Missouri coach Robin Pingeton came onto the floor to restrain standout Sophie Cunningham during the fracas. Their side. Fans have got to be better.
On Jan. 31, Staley said, "The allegations are false and they will be handled as such".
The suit claims Sterk's statements to KTGR "intentionally promoted a hostile and negative atmosphere created to incite riotous conduct at a college basketball game in which her team was participating was false, defamatory, reckless and made with actual malice".
Sankey also said that in addition to the fine and reprimand against Sterk, he mandated a review of South Carolina's game management procedures and visiting team security.
South Carolina Athletic Director Ray Tanner released a statement January 31 stating, "The commitment to a secure environment for everyone at our home games, including fans, student-athletes, coaches and staff from the home and visiting teams is of the utmost importance".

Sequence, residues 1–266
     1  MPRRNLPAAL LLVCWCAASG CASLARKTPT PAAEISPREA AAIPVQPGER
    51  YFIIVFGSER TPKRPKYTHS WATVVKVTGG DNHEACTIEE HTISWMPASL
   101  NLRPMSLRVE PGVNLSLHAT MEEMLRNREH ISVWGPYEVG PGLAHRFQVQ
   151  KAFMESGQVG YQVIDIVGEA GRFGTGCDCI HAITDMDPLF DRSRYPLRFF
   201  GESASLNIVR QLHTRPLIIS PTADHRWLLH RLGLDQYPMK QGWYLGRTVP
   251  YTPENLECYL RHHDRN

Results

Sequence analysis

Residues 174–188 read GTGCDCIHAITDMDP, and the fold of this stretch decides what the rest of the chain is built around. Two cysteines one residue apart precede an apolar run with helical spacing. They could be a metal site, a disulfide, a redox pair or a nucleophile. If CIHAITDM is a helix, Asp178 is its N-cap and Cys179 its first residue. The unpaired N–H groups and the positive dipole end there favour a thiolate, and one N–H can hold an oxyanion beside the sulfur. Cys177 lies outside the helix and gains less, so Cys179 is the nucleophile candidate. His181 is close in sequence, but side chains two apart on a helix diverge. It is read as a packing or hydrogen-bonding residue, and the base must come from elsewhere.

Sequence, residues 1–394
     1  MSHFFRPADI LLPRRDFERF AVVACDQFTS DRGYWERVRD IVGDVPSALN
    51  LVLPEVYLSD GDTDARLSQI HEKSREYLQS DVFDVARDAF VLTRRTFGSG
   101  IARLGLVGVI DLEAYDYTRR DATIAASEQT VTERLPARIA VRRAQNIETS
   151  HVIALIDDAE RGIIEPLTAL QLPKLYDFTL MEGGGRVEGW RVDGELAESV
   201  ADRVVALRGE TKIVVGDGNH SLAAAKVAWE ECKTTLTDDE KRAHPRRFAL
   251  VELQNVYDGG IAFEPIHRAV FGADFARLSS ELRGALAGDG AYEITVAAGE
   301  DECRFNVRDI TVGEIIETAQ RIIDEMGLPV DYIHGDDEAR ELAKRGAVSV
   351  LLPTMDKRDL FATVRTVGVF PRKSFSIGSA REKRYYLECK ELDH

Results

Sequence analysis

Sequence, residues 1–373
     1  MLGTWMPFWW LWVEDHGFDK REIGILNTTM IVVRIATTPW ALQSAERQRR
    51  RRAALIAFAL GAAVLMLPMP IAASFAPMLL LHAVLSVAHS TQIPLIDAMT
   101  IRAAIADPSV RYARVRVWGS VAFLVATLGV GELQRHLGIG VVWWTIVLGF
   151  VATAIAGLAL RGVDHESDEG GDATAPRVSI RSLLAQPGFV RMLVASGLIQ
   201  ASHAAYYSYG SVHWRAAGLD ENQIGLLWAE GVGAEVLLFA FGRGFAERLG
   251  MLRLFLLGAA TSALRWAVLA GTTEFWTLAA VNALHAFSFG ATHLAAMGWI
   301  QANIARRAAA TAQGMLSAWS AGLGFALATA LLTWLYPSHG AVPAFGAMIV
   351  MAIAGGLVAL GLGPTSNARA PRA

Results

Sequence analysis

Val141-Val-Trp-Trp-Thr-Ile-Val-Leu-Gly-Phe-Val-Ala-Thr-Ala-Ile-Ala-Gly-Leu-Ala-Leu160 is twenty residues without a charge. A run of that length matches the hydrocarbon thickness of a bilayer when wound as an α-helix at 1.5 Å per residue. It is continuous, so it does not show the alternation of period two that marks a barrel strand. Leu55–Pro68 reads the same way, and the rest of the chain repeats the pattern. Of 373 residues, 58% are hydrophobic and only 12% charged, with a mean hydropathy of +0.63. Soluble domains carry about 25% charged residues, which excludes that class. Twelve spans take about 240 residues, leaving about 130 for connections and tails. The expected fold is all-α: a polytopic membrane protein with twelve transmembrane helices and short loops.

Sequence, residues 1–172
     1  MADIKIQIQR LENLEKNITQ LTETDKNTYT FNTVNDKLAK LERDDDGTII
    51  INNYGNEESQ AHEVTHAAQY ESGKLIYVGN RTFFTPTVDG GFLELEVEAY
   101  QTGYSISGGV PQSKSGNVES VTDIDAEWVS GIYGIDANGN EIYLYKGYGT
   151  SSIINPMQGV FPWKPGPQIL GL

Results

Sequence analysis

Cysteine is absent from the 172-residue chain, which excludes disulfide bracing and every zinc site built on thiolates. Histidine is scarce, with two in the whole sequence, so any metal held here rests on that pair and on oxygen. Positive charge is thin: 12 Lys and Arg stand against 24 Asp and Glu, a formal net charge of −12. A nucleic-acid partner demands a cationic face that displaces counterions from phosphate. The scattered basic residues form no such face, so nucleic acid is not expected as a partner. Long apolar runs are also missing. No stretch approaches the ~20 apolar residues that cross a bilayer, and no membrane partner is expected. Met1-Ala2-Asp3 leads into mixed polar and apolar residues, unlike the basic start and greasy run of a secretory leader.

A recent controversy in SEC women's college basketball will be taken to court. According to the lawsuit, Sterk told 101 ESPN that his program has "moved on".
After the claims by Sterk were made, SC athletics director Ray Tanner issued a statement saying the university had investigated the claims and uncovered no confirmed reports of them.
Staley is suing Sterk for $75,000 not including court and legal fees, and Sterk has 30 days to respond. Competition among SEC teams is highly intense but can never compromise the expectation of respect between our institutions. "I look forward to meeting in person with both athletic directors very soon to reaffirm these shared priorities and expectations".
The lawsuit stems from public comments made by Sterk after the second of two hotly contested games between the Gamecocks and the Tigers.
Even before their matchup a few weeks ago, Mizzou and SC didn't need much to stir up their rivalry.